If you’ve discovered one or more cracks in the soil of your lawn, you might be wondering what caused it and how you can fix it.
Even if you’re inexperienced with lawn care, conventional wisdom should lead you to believe that this isn’t normal.
In a healthy lawn, the soil should remain closed and compressed. When it cracks, it will uproot nearby grass and plants while increasing the risk of erosion in the process.
Dryness and Soil Type
In most cases, cracking is caused by dryness as well as soil type. All lawns go through dry spells when they receive little or no water.
Most lawns can withstand these dry spells without ill effect. However, those consisting of clay soil may crack when severely dehydrated for a prolonged length of time.
Clay soil is highly porous, with the ability to absorb and release significant amounts of water. When it rains, clay soil will absorb the water, thus allowing it to expand.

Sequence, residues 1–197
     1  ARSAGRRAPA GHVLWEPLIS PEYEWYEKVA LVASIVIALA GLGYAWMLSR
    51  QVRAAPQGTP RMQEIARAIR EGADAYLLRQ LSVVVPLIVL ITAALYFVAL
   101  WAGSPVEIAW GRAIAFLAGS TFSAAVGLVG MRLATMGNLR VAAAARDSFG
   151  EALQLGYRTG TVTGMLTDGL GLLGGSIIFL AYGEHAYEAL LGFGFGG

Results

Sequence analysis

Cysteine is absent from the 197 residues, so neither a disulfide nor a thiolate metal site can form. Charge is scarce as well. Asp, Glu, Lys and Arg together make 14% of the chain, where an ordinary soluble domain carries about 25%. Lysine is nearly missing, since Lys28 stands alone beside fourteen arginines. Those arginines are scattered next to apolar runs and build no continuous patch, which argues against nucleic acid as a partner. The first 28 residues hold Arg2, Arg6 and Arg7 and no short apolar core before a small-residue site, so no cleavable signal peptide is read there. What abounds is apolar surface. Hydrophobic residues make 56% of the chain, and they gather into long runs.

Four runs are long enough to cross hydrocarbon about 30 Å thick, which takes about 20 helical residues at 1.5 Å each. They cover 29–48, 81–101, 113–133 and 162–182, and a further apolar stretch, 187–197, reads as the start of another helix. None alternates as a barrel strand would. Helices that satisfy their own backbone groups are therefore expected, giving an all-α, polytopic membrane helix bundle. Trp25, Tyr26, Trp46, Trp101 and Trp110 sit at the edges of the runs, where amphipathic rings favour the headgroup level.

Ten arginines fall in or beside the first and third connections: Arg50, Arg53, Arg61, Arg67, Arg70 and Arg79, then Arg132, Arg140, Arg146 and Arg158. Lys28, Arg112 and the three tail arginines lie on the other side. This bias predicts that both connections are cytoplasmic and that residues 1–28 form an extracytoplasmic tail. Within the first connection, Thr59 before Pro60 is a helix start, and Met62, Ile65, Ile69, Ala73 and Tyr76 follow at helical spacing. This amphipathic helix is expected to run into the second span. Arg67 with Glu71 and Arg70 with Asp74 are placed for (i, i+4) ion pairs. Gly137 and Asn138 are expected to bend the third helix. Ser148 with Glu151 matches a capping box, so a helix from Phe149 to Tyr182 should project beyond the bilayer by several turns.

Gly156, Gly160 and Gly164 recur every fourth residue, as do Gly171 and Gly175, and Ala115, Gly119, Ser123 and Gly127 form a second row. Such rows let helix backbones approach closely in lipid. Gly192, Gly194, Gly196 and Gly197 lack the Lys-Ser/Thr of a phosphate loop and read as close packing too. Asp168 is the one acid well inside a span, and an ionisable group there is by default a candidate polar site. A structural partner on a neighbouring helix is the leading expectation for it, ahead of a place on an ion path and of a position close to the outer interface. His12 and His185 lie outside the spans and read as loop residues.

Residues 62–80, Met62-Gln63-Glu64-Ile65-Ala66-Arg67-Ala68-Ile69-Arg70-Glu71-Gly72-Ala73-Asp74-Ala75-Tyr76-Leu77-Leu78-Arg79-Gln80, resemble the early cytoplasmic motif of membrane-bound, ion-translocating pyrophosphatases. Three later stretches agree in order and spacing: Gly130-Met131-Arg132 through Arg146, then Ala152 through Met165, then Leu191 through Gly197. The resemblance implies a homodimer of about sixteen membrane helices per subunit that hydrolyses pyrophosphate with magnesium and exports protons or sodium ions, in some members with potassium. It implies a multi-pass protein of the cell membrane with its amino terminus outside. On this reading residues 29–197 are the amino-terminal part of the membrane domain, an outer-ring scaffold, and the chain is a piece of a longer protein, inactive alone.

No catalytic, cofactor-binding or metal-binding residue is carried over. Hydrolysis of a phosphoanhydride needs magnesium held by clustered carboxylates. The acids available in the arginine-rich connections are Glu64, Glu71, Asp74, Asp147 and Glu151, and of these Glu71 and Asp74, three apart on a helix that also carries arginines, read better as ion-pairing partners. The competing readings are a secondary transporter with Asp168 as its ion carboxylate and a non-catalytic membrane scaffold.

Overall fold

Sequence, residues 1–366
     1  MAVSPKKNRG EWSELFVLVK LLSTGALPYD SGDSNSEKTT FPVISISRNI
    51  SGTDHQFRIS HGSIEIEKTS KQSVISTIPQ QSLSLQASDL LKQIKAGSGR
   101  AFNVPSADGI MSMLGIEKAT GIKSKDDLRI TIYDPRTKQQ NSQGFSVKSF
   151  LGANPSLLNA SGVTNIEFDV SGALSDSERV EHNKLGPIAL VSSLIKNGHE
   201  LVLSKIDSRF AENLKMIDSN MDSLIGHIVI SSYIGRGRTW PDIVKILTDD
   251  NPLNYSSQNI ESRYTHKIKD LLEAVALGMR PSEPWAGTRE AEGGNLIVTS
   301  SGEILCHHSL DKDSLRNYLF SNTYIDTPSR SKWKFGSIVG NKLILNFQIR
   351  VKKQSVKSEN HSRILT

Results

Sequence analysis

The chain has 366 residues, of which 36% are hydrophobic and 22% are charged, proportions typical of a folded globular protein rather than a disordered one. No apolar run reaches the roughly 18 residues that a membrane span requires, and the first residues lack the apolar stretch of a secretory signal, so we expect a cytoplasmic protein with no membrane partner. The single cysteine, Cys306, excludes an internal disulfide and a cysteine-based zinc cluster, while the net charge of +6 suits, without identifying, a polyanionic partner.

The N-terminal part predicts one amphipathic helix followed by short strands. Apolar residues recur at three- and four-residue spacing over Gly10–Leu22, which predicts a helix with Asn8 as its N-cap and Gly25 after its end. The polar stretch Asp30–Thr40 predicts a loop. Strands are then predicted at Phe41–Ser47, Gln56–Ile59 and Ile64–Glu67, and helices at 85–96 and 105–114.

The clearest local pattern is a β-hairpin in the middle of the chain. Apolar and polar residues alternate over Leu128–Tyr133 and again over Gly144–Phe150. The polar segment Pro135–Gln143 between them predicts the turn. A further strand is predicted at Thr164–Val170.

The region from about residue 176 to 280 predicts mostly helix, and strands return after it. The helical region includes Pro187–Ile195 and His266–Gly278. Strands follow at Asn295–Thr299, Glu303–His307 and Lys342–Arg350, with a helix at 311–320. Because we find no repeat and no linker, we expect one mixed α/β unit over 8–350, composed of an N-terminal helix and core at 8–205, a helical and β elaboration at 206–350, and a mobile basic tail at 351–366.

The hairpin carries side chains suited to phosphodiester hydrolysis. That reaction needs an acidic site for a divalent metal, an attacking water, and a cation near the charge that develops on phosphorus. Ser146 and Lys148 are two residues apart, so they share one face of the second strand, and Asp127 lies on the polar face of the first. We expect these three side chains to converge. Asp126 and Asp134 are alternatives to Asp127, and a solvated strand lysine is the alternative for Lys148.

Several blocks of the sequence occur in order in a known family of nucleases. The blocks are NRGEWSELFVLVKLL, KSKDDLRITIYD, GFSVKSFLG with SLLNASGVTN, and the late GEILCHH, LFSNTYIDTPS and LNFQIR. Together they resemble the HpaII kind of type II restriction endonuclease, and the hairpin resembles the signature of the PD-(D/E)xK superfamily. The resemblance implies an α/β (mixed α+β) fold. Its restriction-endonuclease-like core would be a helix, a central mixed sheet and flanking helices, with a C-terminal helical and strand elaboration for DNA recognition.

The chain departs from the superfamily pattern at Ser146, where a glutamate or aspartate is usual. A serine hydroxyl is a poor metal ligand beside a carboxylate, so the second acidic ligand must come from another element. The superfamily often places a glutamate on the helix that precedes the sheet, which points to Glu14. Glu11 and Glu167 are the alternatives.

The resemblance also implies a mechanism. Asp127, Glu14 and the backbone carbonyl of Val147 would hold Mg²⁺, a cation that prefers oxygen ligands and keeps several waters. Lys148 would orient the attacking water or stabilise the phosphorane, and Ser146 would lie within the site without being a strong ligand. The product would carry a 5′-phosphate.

During dry spells, on the other hand, clay soil will release water, causing to shrink. As the soil shrinks, small cracks may form. And if the soil doesn’t receive water, the cracks will expand to become larger and more prominent.
Aerate Your Lawn
To fix your cracking lawn, you need to water it. First, however, you should aerate it to loosen it up.
When soil is dehydrated, it shrinks to become more compacted. Aeration loosens the compacted soil by scoring it with hundreds or thousands of small holes, each of which is a few inches deep.
There are several ways to aerate your lawn, one of which is to wear aerating shoes while walking over it. Aerating shoes contain small “teeth” on the bottom that score the ground as your walk.
For larger landscapes, it’s recommended that you use a traditional walk-behind aerator. Walk-behind aerators contain a rolling mechanism that scores the soil as you push it.
Water Your Lawn
After aerating your lawn, set up a sprinkler to water it. Most lawns require about 1 to 2 inches of water per week.
Assuming your lawn is dehydrated, though – which it probably is if it’s cracking – you should give it a little more water. 3 inches of water over the course of a week should provide it with proper hydration.
By aerating and watering your lawn, you’ll encourage cracks to close while also promoting green, healthy grass in the process.
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